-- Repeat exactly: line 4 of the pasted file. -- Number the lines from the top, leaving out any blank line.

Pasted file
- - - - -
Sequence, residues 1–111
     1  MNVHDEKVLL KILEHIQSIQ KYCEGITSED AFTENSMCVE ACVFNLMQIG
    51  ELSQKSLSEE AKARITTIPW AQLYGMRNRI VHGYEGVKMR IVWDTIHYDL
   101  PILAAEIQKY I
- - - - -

   101  PILAAEIQKY I